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An Executor’s Step-by-Step Guide to the Probate Process in Illinois

A person’s last will and testament typically appoints an individual to serve as the executor or personal representative of the estate. The executor is required to file the will in probate court within 30 days after the decedent’s death. There are many steps and legal procedures involved in the probate process. As an executor of someone’s estate, you are likely grieving the loss of your friend or family member. Therefore, considering all the tasks you must complete can be overwhelming and daunting. However, by working with an attorney, this process can be completed as quickly and efficiently as possible. The following are a few tips for how to handle the legal proceedings for this important responsibility:

6 Primary Steps

By law, the Illinois Probate Act dictates that an executor must do all of the following during the probate process:

  1. Ensure Loyalty and Care—The executor is required by law to administer the estate through the probate process in accordance with the desired wishes stated in the will. This means there should be no alterations to the will or improper interpretations of the will. Here is some practical advice for accomplishing this:

  • Read the will and make sure you understand the decedent’s final wishes. Ideally, reviewing and understanding the will should be done before the decedent’s passing so that any clarifications can be provided if the executor has questions.

  • Encourage the decedent to write a personal letter of direction for the executor before his or her death to further assist in the executor’s understanding of those final wishes.

  • If the decedent agrees to do this before death, the executor might want to discuss the will with the beneficiaries and other family members so that they know what to expect.

  • Pay Expenses, Settle Debts, and Meet Tax Obligations—For this step, the executor usually arranges for the burial and provides the necessary funds for burial expenses. In addition, if there are any outstanding debts or other financial issues that are not automatically resolved by letting the financial institution know of the decedent’s passing, the executor must act on behalf of the decedent to settle all those matters. An executor should be sure to order multiple copies of the death certificate, and these may need to be provided to financial institutions when settling or closing out any accounts.

  • Inventory All Assets and Inform Applicable Parties—The executor will need to take a comprehensive inventory of the decedent’s assets, including all property, payments, and distributions. This inventory must account for everything in the estate, and the records must be comprehensive, detailed, and accurate. Once the inventory is completed, the executor must provide it to any beneficiaries as well as the court.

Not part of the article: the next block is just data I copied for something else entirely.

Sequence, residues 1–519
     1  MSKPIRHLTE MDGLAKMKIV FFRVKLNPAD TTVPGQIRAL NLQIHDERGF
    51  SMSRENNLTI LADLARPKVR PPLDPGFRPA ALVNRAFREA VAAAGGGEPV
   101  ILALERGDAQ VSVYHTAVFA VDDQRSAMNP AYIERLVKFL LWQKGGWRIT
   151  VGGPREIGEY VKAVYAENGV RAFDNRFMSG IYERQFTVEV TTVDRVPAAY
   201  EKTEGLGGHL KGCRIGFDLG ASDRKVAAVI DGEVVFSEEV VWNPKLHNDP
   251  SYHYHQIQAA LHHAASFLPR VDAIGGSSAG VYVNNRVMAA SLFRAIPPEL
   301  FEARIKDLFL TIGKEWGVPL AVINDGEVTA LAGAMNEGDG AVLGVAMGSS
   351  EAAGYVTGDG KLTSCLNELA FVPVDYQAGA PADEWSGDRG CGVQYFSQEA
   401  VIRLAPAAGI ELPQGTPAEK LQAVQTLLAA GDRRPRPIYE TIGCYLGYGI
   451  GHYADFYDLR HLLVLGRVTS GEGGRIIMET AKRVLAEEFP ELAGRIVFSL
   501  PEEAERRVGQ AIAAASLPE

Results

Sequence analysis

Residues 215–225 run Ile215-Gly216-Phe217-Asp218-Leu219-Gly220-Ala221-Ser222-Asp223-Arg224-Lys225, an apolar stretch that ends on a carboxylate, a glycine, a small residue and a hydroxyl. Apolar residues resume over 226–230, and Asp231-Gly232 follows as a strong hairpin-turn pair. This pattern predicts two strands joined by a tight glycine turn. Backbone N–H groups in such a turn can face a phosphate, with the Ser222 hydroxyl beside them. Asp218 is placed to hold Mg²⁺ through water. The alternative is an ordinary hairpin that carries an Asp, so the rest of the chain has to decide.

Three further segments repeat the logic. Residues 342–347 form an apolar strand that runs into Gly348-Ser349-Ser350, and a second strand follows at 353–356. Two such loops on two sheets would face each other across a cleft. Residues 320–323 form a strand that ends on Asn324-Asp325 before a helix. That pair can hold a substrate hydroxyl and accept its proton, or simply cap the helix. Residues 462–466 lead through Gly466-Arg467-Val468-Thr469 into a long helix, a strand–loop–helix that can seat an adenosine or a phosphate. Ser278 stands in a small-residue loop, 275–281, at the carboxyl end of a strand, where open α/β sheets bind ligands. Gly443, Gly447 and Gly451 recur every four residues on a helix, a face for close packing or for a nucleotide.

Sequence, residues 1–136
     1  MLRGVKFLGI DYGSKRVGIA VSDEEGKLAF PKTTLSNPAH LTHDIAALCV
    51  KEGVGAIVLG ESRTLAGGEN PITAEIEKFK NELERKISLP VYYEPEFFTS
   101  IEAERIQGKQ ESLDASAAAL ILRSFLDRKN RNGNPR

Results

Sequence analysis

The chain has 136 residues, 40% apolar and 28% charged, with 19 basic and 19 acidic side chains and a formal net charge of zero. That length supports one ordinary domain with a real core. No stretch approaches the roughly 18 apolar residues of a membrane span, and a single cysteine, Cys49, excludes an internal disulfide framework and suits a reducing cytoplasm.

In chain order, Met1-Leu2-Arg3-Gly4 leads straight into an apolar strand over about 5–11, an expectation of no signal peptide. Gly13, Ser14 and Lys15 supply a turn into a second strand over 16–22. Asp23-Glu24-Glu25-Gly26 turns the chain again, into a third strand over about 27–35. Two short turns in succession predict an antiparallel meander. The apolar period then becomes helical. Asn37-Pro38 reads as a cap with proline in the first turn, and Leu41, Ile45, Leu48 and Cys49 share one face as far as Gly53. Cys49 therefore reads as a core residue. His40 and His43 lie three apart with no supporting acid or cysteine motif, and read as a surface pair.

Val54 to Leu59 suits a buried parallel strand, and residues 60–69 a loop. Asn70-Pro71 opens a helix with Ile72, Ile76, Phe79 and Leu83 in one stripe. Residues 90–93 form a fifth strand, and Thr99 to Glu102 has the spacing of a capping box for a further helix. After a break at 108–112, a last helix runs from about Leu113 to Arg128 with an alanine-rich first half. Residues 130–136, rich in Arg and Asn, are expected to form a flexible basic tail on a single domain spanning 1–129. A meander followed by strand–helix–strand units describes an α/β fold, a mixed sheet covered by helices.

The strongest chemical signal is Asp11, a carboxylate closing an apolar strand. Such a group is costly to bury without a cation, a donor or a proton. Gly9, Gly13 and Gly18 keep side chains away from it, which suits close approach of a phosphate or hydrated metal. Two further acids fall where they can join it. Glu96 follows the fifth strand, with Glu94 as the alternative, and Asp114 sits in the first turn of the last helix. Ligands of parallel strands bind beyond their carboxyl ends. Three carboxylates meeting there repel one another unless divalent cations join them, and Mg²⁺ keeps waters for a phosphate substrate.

• Invest and Manage Funds—If the decedent had any assets in investments, the executor must determine the “prudent investment” of those funds.

  • Distribute Assets—After determining the inventory of assets, the executor must distribute them in accordance with the will. In many cases, it is best to open an estate account to keep track of all estate-related finances, including the payment of creditors and the distribution of assets. This can be complicated, so it is imperative for an executor to work with a probate lawyer who can help you better understand the process, organize appropriate records, and file the appropriate paperwork.

  • Final Reporting—The last step for an executor is to create a final report to be filed with the court and the beneficiaries, verifying that all taxes, expenses, and debts have been settled, and all assets have been distributed to the beneficiaries in accordance with the will.

These are the required steps an executor must follow based on the Illinois Probate Act. In addition, the “duties of loyalty and care” imply that any special requests and requirements discussed in the will must also be adhered to and enacted throughout the probate process.

Contact a Downers Grove Probate Lawyer

If you are an executor of an estate, it is important to follow the directives in your loved one’s will precisely. Even if you have reviewed the decedent’s will and as the steps above, many questions can still arise during the probate process. The creative and experienced team at SBK Law Group can ensure that the administration of your loved one’s estate is as painless as possible for you and your family. Be sure to call our knowledgeable DuPage County estate attorneys today at 630-427-4407.

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